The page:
PBS Schools Report: Documentary, or Infomercial?

Judy Miller's resignation from the NYT isn't the only cautionary tale for journalists that's out there this week:

Over at the Daily Howler, there's a lengthy piece about the recent PBS documentary on school reform that makes two worthwhile points for education journalists to consider: (a) that educators' (and reporters') esteem for what happened in New York City's District 2 under Tony Alvarado may be exaggerated, and (b) that the recent PBS documentary, produced by Hedrick Smith, might have failed not only to provide balanced coverage of the NYC reforms but also to identify some of its proponents properly.

I'll leave it to others to debate whether District 2 is all that it has been cracked up to be. (There's a reference to District 2 in today's NYT education column on the math wars.)

And others probably know about the Howler and the NY Sun's Andrew Wolf, whose column ($) (The Schools and Public Television) started it all. An earlier column -- this one free -- can be found here. Another one, posted on EducationNews (also free), can be found here.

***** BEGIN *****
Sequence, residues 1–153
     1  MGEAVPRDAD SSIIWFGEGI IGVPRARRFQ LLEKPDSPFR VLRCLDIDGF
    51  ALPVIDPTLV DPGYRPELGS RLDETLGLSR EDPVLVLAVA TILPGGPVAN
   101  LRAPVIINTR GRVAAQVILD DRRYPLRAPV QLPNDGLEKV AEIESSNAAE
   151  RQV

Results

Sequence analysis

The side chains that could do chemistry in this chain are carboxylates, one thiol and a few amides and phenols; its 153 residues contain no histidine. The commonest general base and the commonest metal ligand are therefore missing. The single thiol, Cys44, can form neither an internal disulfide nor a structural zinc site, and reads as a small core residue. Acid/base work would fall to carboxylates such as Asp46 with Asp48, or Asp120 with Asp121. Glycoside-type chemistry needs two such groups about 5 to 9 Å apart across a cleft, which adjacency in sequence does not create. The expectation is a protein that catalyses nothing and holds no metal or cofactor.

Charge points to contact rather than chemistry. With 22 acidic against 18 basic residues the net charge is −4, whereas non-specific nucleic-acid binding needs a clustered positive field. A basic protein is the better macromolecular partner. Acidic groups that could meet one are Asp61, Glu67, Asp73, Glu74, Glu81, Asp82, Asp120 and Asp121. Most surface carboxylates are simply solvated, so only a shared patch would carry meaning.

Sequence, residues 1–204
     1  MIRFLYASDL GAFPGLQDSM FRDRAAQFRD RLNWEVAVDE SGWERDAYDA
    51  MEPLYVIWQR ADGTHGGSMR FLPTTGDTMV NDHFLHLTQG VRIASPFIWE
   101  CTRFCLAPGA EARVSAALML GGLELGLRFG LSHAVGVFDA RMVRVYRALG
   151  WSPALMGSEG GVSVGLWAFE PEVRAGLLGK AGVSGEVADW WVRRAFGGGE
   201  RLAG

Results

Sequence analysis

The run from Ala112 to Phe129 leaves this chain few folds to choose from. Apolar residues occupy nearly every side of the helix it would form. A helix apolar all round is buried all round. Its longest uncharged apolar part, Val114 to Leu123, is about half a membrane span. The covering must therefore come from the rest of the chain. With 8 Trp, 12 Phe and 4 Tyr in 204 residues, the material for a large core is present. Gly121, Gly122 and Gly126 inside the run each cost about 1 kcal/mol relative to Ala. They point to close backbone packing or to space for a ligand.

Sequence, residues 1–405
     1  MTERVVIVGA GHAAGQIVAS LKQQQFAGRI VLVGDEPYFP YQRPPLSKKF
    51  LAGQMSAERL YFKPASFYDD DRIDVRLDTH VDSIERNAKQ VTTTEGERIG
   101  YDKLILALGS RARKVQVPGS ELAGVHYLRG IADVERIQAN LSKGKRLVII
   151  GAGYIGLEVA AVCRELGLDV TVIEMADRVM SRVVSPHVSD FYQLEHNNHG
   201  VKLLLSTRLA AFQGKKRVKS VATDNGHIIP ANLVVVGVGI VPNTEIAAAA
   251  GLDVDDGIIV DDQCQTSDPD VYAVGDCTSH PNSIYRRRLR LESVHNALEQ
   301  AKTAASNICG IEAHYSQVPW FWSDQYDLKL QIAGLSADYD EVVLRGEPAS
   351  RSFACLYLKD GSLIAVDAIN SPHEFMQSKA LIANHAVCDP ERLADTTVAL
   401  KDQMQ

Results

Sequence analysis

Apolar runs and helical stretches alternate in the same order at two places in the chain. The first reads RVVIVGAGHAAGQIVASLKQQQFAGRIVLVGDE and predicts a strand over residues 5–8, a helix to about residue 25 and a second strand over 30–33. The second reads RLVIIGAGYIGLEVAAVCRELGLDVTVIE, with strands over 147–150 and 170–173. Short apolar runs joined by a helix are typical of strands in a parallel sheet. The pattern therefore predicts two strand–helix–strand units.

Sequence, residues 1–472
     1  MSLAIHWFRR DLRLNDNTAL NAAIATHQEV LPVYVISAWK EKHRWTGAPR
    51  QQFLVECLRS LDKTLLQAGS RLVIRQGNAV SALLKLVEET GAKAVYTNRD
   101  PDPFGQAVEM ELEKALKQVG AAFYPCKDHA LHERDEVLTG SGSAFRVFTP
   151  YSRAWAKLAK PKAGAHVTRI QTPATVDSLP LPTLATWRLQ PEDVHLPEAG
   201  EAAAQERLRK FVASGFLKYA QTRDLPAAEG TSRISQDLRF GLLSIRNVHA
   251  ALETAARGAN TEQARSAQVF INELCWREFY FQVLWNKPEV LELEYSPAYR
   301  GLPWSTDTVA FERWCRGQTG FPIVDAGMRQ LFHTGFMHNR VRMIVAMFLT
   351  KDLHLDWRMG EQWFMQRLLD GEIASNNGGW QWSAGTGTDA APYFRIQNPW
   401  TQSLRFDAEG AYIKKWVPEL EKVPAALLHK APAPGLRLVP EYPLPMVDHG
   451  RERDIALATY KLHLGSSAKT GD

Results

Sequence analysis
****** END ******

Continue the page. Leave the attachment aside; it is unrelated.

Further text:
However, the allegations that the PBS show was more of an "infomercial" than a balanced piece of reporting, and that it may have done a poor job of balancing views and identifying sources, are worth considered. The show doesn't identify Lauren Resnick, a UofPitt professor, as being closely linked to District 2, according to the Howler, or identify Elaine Fink as being Mrs. Alvarado.

Lazy freelancer that I am, I haven't re-viewed the documentary, but upon recollection I agree that the show had a clear point of view that school reform could work, and that poor and minority kids could learn. So enthused about someone -- anyone -- taking on the issue in a high-profile way, I don't think I really considered the issue of objectivity or balance in my original post about it: PBS and the Denver Post Do Race, Class, and Closing Achievement Gaps. You'll see in the comments that at least some smart folks, like PEN's Howie Shaffer, had a more immediate sense that this was a "feel-good" exercise.


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